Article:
Very few games have mastered the art of discovery. There aren’t many that don’t simply lead you down a linear path, feeding you slightly curious crumbs that’ll eventually lead you down the rabbit hole only to discover what’s there in all its obvious and profundity lacking glory.
No, I mean true discovery that you yourself stumble across by accident, blowing your mind and the game wide open!
Perhaps this is because games at their core can get too bogged down in being just, well, games. They’re obsessed with the rules, mechanics and things that you need to do in order to stay focused and find what’s hidden for you.
Her Story manages to back away from all of that, even possibly to the point where you may question if it is a game at all. Instead, you are given a chance to focus on a core task, unravel and fight to the finish line.
At its heart, Her Story is a detective simulator of sorts. Showing you the 90’s CRT computer screen of a police department, you have access to an archive of surveillance footage. All of it is shot during the investigation of a potential murder, where a woman is brought in and questioned by the police seven times. You type key words into the engines search bar and it efficiently dishes up a handful of videos that all link in some way to your search term.
In order to better know what you should be searching for, your only tools are ones that you should have been honing for some years now. Your Google skills and your attention to detail. As you trawl through footage, listening to the fractured parts of a deep and curious story, you’ll need to keep an ear out for keywords that may seem pertinent to the case and use them as fresh search terms. Each failure presents you with a blank screen which almost rubs its silence and emptiness in your face, a mark of your failing intelligence or inability to really see what’s going on.
With every success though, you’ll tumble deeper into Her Story (literally) and be spurred on to work out what exactly went on all those years ago. It begs other questions too, why are you handling this case now? Who are you? The shadow that just about appears to reflect off the monitor is as nondescript as you can get. Yet more questions that can only be answered by, again, watching and listening carefully.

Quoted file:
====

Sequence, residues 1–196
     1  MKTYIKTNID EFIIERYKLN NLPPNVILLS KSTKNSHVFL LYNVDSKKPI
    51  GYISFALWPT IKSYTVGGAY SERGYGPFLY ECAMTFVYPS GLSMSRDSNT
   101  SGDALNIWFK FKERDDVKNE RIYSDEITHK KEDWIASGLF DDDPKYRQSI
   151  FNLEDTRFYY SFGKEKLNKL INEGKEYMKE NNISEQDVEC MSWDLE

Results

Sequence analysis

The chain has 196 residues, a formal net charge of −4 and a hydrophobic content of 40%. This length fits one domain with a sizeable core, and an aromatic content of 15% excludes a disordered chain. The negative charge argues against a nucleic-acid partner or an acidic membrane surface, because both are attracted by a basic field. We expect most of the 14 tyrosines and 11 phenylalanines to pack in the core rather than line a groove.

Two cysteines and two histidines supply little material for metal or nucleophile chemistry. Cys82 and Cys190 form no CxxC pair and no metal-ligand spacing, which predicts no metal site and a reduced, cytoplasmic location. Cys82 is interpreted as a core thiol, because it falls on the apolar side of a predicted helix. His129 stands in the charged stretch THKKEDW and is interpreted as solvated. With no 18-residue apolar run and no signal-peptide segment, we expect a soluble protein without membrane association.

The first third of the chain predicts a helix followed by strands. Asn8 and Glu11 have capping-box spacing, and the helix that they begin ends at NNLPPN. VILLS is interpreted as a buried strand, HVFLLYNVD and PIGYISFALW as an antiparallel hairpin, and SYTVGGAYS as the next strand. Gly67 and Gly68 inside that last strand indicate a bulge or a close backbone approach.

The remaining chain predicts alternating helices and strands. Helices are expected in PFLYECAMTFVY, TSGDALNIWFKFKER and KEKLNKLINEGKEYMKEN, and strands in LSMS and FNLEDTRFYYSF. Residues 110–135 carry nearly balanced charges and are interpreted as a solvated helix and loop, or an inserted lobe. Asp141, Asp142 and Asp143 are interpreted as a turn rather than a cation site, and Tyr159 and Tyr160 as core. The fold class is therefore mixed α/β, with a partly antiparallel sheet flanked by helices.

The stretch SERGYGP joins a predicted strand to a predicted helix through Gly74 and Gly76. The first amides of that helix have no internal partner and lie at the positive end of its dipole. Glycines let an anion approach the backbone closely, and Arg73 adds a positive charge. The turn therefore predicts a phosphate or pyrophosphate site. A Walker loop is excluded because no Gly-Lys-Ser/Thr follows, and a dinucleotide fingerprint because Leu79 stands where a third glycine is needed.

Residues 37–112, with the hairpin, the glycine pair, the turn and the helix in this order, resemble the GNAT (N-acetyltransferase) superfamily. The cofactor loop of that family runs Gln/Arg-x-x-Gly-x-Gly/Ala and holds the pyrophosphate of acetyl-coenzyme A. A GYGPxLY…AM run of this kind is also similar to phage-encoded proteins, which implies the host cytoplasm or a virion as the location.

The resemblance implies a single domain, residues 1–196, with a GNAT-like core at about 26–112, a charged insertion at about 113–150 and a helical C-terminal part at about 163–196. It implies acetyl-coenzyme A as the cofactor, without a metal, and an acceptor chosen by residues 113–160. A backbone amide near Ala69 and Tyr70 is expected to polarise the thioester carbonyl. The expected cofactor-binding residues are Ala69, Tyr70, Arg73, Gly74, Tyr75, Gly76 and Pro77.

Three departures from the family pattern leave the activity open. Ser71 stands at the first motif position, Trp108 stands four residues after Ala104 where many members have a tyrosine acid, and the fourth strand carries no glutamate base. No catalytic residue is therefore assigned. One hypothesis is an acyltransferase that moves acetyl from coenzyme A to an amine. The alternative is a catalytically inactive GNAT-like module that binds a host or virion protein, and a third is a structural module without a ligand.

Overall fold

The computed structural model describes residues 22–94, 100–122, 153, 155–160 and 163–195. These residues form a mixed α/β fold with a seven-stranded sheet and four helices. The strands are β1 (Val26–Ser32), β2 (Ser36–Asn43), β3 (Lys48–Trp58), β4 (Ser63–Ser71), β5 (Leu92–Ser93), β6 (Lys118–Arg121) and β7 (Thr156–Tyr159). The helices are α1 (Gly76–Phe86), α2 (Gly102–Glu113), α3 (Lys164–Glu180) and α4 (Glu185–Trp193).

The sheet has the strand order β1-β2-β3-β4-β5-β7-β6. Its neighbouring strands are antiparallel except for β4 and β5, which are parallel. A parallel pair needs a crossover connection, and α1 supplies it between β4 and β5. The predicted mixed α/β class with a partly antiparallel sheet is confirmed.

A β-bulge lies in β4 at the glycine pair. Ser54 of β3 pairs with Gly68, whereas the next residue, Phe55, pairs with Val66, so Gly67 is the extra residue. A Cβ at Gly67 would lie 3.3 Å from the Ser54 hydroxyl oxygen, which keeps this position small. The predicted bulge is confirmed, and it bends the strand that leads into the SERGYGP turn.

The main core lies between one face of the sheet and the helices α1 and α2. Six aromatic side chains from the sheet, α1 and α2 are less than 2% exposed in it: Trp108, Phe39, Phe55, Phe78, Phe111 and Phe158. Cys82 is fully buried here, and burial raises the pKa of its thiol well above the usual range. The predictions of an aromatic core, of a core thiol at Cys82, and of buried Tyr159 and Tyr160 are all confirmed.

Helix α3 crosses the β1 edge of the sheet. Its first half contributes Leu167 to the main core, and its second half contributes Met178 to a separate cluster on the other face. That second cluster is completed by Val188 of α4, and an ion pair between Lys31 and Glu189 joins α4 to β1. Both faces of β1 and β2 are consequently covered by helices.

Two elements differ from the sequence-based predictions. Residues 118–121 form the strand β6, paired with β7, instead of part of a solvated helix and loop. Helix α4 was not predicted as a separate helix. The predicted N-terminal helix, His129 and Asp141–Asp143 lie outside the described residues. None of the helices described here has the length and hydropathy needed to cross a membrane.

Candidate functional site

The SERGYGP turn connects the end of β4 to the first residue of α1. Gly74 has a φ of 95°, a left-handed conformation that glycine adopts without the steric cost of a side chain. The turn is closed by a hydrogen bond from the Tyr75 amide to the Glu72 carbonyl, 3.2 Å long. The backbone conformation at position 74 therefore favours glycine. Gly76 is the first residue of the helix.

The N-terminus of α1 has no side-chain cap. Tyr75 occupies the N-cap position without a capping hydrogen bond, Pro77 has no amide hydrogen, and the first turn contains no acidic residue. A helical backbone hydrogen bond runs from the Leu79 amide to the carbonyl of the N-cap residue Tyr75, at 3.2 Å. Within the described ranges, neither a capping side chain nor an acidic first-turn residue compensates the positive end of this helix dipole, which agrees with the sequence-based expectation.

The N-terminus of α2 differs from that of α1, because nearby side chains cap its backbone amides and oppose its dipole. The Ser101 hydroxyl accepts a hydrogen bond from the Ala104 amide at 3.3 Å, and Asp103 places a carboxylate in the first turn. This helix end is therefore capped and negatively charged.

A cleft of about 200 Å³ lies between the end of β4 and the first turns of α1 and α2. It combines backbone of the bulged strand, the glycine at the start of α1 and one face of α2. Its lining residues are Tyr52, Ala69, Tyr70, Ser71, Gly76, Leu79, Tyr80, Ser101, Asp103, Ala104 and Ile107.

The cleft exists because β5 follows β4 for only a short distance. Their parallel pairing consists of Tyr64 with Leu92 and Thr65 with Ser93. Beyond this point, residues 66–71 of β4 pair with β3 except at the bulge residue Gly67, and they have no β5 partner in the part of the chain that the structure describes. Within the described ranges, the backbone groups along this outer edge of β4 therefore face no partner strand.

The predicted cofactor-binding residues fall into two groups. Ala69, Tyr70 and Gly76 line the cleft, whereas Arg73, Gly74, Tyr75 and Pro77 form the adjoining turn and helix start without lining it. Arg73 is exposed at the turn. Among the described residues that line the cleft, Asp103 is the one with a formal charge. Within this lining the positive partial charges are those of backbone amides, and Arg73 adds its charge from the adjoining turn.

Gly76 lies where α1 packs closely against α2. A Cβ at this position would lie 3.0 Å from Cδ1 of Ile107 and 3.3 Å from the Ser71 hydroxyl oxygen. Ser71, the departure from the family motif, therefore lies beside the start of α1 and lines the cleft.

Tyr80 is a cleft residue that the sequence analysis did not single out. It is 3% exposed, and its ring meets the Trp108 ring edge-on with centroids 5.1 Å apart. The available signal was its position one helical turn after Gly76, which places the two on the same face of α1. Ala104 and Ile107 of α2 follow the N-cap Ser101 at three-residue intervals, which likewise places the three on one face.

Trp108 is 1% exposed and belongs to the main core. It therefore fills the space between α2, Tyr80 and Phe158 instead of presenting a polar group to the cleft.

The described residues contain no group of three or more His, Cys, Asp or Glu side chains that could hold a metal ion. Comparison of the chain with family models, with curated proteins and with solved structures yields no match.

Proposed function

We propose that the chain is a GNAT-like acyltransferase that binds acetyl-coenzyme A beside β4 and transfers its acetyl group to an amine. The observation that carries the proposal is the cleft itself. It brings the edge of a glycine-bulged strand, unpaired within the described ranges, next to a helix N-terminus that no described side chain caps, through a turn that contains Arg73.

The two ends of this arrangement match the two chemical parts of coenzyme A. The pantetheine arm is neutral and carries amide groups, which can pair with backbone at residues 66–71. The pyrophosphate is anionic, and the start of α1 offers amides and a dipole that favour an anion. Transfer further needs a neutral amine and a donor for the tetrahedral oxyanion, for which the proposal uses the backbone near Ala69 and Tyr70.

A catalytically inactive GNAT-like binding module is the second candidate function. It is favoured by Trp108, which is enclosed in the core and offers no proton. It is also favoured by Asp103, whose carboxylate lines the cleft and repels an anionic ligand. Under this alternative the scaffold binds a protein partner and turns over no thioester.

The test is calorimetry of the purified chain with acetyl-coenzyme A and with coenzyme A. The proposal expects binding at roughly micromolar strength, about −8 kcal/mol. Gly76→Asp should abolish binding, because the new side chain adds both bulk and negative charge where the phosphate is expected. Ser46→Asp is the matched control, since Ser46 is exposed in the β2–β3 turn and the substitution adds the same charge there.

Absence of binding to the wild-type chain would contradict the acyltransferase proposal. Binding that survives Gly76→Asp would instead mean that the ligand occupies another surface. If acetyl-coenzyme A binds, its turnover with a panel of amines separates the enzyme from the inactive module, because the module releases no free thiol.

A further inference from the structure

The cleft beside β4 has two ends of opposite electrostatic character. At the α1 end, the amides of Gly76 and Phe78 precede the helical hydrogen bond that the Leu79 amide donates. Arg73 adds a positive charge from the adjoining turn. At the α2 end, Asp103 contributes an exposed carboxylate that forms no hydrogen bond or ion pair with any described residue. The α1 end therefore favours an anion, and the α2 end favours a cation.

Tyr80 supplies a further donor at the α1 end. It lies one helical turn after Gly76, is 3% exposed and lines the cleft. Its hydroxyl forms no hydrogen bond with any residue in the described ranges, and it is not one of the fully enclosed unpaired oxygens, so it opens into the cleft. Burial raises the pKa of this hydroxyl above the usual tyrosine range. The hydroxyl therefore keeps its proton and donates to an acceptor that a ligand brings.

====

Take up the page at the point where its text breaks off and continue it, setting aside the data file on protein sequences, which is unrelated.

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So few games can intrigue with such minimalist offerings, but after a few hours, we were hooked. Sitting at our desk drinking endless streams of coffee, we knew we couldn’t rest until we knew the truth.
The interviews are one-sided affair focusing on one woman and a string of conversations over a short period of time. According to the ReadMe file on the desktop, which is yet another brilliant nuanced touch, most of the systems files were lost thanks to the ominous Y2K bug we had all spent months fearing. That means you only get the one perspective on this case.
Viva Seifert plays the woman being questioned and does an amazing job carrying the game and delivering its incredibly well crafted tale of love, hate, loss and everything in between.
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Discovery is the key here, with Her Story being one of those rare titles that allows you to uncover things at your own pace, offering some shocking twists that hit you as hard as the ones in Bioshock. The discoveries you make are so organic, you’ll start to question your own logic. Once we mulled it over and began pulling at the threads, the whole narrative seemed to change yet again.
Her Story takes the minimalist theme all the way, with a rather charming score that floats in and out after key moments. It tied in perfectly with our steady progression, while the sound effects of key strokes and mouse clicks appealed to our sense of nostalgia.
With so much to watch and a fairly limited set of things to do, it’s tricky at first to understand how you’ll even win this case. Well, it’s up to you when you want to stop but there is a way of losing. Many people have offered up the idea that every game must have a ‘fail state’ or a means in which to lose or fail at your task. While we’ve never personally found a GAME OVER screen to be a key element for games, we can see the reasoning behind it. But as we played Her Story we realised that not having a fail state made the Detective Simulator all the more real.
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In Her Story, the only way you can lose is to give up. If you don’t bother looking for the truth, don’t follow the clues and just leave it, you’re obviously never going to solve the case. In reality, how many times does a real copper hunt for a murderer and because he asked the wrong question in an interview, get given a retry option?
Her Story’s minimalist feel and well crafted narrative work, but we can’t shake that feeling of wanting just a bit more gameplay wise. Maybe some documents pertaining to the case that you can scan through, CCTV footage of events or any other extra information to add into the mix would have tipped this game over the edge.
What Sam Barlow has delivered here is an amazingly fresh experience and while from the outside it may seem there’s little here to appeal to the hardcore gamer, if you give it a moment, you’ll realise just how enthralling being a detective can be.
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